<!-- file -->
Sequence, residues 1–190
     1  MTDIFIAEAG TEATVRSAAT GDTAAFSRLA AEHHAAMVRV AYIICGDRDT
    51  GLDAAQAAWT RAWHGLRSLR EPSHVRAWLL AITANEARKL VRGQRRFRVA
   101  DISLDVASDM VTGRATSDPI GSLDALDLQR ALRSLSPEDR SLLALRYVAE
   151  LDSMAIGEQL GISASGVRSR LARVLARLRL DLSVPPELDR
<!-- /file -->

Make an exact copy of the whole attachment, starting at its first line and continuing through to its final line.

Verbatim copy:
Sequence, residues 1–190
     1  MTDIFIAEAG TEATVRSAAT GDTAAFSRLA AEHHAAMVRV AYIICGDRDT
    51  GLDAAQAAWT RAWHGLRSLR EPSHVRAWLL AITANEARKL VRGQRRFRVA
   101  DISLDVASDM VTGRATSDPI GSLDALDLQR ALRSLSPEDR SLLALRYVAE
   151  LDSMAIGEQL GISASGVRSR LARVLARLRL DLSVPPELDR